Rehearsal video for the Passion


Here’s a little rehearsal video for the Passion project, made last week. The musicians are basically the same as for Sarie and Alberto’s Renaissance group, Suavis Concentus, which will be ready to start performing in the fall. The orchestra for the premiere of the Passion, however, will hopefully be much larger. That’s why they’re fundraising! They have about 40% of their needed funds raised with a month left to go.

Anyway, the video has a sample aria for soprano, Baroque flute, lute and viola da gamba. Alberto, as composer, usually conducts, but here of course he’s holding the camera instead. And who is the soprano? Sarie! This was her first attempt at exposed singing, so she was a bit uncomfortable, but Alberto kept trying to reassure her that she could do it, so eventually she consented. She won’t be the soprano in the premiere, but she did get into the part enough to give me a mock glare and say, “Don’t even try to negotiate with me. I’m a soprano!”

The clip is about a minute long and was filmed in our living room.  Enjoy!


The Passion and Resurrection According to St. John


It’s just after Easter.  So you’d think this wouldn’t be the time to be posting about a Passion, which is an oratorio depicting the events leading up to the Crucifixion and Resurrection of Christ.  But actually, it is the right time, because it takes a while to write a good Passion, and this one is for next year.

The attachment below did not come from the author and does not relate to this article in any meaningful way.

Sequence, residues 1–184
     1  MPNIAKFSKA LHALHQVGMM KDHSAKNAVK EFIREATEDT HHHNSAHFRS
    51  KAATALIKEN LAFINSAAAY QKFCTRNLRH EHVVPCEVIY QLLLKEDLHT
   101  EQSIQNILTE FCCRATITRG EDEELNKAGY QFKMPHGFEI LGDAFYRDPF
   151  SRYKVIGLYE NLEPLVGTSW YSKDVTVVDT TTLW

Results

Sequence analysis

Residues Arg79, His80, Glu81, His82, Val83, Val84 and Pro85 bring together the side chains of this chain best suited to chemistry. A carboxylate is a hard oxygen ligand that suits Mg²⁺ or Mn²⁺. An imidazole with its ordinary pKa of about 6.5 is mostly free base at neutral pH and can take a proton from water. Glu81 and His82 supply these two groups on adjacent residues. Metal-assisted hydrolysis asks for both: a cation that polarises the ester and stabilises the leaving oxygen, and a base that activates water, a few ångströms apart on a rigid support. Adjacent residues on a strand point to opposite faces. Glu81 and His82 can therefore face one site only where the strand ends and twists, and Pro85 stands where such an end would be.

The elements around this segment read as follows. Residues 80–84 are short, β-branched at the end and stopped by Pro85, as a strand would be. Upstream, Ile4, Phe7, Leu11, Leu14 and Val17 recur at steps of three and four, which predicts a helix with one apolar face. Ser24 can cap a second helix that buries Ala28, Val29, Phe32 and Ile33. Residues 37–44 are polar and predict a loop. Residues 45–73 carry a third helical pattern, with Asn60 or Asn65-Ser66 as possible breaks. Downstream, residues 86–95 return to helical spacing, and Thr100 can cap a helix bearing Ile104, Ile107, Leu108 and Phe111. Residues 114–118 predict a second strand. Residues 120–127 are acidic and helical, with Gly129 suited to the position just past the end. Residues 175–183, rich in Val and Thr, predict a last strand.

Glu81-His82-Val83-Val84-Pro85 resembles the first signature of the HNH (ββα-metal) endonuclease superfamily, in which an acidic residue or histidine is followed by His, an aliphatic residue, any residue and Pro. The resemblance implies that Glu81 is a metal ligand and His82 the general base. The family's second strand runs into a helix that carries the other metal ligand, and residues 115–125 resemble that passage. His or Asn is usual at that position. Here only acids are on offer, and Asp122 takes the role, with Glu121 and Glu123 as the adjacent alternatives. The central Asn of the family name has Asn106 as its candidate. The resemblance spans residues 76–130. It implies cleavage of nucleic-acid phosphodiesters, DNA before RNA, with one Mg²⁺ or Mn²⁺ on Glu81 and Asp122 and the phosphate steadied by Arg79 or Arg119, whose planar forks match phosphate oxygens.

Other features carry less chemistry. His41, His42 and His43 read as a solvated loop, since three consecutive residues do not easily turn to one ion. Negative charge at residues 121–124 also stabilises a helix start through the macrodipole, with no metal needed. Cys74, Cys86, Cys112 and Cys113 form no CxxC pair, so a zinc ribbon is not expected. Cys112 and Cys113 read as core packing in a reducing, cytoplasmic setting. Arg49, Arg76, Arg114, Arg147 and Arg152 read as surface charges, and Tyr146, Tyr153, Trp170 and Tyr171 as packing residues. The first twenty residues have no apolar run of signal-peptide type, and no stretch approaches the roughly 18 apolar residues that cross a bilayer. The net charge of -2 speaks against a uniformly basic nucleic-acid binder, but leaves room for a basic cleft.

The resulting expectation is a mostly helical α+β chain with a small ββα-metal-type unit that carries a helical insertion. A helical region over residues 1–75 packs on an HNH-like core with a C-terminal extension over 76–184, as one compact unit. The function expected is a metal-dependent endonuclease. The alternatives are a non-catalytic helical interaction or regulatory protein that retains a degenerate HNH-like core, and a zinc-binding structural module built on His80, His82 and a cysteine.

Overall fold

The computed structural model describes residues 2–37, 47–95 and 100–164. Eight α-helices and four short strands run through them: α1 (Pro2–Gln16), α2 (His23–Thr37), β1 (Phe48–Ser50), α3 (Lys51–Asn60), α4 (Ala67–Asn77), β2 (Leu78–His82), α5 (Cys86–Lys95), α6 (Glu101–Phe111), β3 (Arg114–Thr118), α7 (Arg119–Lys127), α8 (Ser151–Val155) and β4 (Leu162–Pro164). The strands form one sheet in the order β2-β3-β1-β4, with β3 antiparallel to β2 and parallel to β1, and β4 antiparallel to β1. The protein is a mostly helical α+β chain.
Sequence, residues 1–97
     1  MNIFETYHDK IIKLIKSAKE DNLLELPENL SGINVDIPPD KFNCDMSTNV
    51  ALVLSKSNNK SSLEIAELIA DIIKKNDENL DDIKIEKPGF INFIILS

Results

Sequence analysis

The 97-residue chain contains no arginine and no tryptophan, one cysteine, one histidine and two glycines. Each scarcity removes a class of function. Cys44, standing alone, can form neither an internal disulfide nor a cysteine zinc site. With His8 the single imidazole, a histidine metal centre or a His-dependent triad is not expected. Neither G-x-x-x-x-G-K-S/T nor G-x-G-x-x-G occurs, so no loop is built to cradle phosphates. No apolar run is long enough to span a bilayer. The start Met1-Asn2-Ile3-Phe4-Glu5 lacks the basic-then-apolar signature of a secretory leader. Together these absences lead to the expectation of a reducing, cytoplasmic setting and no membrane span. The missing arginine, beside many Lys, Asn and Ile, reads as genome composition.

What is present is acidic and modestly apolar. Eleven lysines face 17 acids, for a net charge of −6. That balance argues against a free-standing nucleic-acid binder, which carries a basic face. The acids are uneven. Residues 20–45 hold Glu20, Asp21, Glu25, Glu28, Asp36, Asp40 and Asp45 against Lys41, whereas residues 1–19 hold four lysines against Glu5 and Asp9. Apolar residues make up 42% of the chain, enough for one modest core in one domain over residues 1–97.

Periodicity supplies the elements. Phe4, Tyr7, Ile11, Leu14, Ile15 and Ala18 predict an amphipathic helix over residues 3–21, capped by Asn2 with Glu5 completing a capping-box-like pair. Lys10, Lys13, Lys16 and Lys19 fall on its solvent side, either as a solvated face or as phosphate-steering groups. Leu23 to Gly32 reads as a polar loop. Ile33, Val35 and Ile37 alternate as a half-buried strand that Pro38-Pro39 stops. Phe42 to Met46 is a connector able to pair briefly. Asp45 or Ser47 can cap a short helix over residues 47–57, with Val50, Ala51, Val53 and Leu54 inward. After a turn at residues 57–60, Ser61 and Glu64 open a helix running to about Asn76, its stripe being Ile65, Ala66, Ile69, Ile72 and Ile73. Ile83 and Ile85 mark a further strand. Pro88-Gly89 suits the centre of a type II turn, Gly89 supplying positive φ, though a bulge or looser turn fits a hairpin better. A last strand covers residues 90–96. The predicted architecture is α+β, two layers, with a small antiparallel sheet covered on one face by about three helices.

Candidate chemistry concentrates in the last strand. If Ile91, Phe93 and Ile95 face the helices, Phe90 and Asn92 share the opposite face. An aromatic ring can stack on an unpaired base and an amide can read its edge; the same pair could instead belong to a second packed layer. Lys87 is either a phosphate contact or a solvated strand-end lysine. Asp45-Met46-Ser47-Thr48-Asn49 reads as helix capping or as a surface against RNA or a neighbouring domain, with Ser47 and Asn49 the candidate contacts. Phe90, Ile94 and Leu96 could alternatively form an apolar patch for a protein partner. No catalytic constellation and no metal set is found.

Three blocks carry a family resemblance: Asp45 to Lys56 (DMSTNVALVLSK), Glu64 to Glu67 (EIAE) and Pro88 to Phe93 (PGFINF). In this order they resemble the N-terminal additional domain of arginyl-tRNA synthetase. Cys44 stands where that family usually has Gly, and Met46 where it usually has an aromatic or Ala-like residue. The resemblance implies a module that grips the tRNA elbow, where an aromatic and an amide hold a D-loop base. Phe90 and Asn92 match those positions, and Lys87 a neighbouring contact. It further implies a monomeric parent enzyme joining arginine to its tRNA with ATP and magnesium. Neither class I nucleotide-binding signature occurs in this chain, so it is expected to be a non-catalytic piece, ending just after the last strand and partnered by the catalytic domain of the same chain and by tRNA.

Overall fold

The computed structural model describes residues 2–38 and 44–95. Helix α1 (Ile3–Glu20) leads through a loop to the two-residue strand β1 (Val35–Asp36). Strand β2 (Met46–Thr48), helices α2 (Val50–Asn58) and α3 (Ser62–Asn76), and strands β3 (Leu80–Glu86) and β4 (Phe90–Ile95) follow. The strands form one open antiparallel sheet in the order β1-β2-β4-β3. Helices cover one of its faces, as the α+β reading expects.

As you may know, Torino (Turin in both English and Piemontese) is the home of the Holy Shroud, which has obvious links to Easter. Every so often the Shroud is presented publicly, with people coming from all over to see it. Next Easter is to be one of those times, with Pope Francis in attendance and many local organizations planning to commemorate the event in some way. One such organization, the Confraternity of the Shroud, has commissioned Sarie’s boyfriend Alberto to write a Passion in a neo-Baroque style.

In the video, Alberto explains what he has been commissioned to do, how he will do it, and why he accepted the commission. The life of a young musician, especially in Italy, holds abundant opportunities to perform, but many fewer to get paid. As he explains in the video, the performing the Passion will require an orchestra, soloists, and a choir.  He has enough connections that a number of skilled musicians (including Sarie) will perform for free, but he’s still trying to raise enough to at least reimburse their travel expenses and make a quality recording of the performance.

If you or anyone you know would like to help make this project happen, there’s a link in the video for contributions. Feel free to link to this video or share it as well.  They’ll be raising funds for about the next 60 days, and they get a higher percentage of what people contribute if they make their goal.